Git, GitHub, and Version Control


One of the first topics encountered by individuals trying to break into programming is the idea of version control. After all, being a professional developer requires using a version control system, so it makes logical sense to introduce this early on. However, it is a tough topic for a budding programmer to cut their teeth on. The concepts necessary to understand version control (and in particular git) are tough enough on their own, but it becomes doubly as confusing and intimidating when wrapped with another entirely new topic - i.e., programming.

Version control, however, is nothing more than a systematic way of storing and retrieving different versions of a project. The project can be a Word document, PowerPoint file, or - in its most common usage - a code base. If you have ever had to save version 1, version 2, version 3, etc., of a file, then you have used a form of version control. At it core, what professional version control software does is automate that process, make it less error-prone, and - as we'll see with git / GitHub - help us collaborate with others on the same file(s).

In fact, if you have ever worked in an office environment, the workflow described above, and its associated pain, is likely very familiar to you. Let's use that familiarity as an analogy to understand some key concepts of one of the more popular version control systems - git. Git is very customizable, but there are certain conventions that are used by developers to make it easy for folks to orient themselves. In the examples below, I will be using these conventions.

Repository

In version control land, think of a repository as a folder. This folder is going to store all the files and folders related to a single project.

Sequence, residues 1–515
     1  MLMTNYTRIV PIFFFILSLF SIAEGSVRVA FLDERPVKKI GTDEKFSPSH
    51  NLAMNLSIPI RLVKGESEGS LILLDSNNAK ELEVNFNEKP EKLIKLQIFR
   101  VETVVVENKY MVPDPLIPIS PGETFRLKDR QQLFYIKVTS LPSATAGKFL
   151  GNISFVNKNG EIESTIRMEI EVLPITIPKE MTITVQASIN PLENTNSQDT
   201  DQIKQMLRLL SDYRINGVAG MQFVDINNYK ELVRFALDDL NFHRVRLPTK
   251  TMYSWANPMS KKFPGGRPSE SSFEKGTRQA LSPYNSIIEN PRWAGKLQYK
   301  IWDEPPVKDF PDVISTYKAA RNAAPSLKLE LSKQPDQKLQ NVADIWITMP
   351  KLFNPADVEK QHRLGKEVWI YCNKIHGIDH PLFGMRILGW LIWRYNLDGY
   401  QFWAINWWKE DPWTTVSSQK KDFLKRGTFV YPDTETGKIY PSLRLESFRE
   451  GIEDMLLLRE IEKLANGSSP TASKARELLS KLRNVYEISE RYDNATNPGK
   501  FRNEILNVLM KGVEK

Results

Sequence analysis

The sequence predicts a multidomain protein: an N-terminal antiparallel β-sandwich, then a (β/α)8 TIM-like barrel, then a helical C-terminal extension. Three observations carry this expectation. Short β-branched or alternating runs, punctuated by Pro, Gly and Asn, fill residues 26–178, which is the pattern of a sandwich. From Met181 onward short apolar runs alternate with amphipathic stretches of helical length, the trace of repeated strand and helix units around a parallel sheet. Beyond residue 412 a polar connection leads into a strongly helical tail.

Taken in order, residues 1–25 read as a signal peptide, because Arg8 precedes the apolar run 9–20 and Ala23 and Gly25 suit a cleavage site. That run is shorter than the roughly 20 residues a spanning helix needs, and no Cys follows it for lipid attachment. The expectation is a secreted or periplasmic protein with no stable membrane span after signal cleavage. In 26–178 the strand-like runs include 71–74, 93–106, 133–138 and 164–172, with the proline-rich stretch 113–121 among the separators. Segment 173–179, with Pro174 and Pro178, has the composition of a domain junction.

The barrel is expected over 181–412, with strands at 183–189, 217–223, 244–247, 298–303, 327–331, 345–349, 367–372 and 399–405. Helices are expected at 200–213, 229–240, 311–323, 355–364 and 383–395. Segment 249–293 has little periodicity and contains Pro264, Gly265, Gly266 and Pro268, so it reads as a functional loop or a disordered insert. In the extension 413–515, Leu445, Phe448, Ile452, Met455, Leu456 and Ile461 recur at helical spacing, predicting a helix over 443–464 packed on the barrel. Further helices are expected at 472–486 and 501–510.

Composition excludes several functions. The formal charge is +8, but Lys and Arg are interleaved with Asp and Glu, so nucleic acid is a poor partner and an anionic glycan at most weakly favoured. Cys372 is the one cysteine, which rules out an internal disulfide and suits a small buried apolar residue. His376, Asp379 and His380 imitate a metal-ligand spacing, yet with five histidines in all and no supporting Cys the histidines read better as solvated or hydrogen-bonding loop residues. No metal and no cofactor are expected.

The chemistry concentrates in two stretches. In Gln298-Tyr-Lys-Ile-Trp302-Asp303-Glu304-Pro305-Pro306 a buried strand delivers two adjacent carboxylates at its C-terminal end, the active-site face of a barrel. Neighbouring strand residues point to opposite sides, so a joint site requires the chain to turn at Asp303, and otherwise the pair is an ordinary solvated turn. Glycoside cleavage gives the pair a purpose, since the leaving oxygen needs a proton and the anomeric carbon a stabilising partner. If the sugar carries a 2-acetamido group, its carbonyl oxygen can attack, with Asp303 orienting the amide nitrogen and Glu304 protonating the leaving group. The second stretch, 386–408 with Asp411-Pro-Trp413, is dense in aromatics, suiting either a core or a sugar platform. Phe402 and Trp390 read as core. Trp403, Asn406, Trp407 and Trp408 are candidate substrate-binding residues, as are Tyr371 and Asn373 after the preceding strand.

Branch

Think of a branch as another folder within your main project folder - i.e., your repository. In every repository, there is a special branch called "master". This branch holds the project in a state that is always production ready. If your VP came along and asked you for the latest PowerPoint presentation and all the related files - i.e., all the Excel files used to build the charts in the PowerPoint - the master files are what you would give him. All the numbers / charts will match, and there will be no spelling errors.

So what good are branches? Well, you likely have the need to update all your PowerPoint / Excel presentation at some point. Maybe new numbers are out, or maybe you want to add a new chart. Instead of polluting your master branch (you never know when the VP will be back demanding the materials again), you create a new branch / folder and make your changes on that branch. If someone needs the documents, but you haven't finished updating your files, you just send them the master branch.

Commit

So you now have two branches. One - the master branch - is there to make sure that if anyone asks you for the documents, you have a version that will make you look good. The other branch, where you are adding a new chart, is your feature branch. The new chart is going to take several days to build while you grab the information, cleanse the data, and figure out the best way to display it. At each stage of that process (say, when the data is clean), you save your progress by committing your changes. Basically, you are hitting CTRL + S, but on your entire branch as opposed to just one file.

Unlike simply saving a PowerPoint file, a version control system keeps track of the files at each commit. If you made a mistake, you can go back to an earlier commit, when you know the files were in a desirable state, and continue working from there.This is the feature of a version control system that does away with the need to keep saving version 1, version 2, etc. Not only that, but by using a commit message, you can write down what were the changes made to the files compared to the last commit.

Merge

After a few days, the new chart is ready, you add a new slide in your PowerPoint - the new feature is ready. At this point, you are ready to merge your new feature into your master branch. Instead of figuring out what needs to be added where, the version control system takes care of this for you. Just use its command to merge the feature branch into the master branch.

Version control systems are much more powerful than this. We didn't even get into collaborating with others, and explaining concepts / commands such as pull,fetch, fork, or clone. Hopefully, however, this analogy is helpful in understanding version control at a conceptual level, and makes learning about more advanced topics a bit easier.